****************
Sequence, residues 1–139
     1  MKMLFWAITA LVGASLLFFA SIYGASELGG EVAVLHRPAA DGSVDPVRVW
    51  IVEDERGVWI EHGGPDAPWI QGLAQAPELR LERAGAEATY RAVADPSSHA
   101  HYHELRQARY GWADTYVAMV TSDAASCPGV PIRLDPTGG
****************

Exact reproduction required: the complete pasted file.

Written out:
Sequence, residues 1–139
     1  MKMLFWAITA LVGASLLFFA SIYGASELGG EVAVLHRPAA DGSVDPVRVW
    51  IVEDERGVWI EHGGPDAPWI QGLAQAPELR LERAGAEATY RAVADPSSHA
   101  HYHELRQARY GWADTYVAMV TSDAASCPGV PIRLDPTGG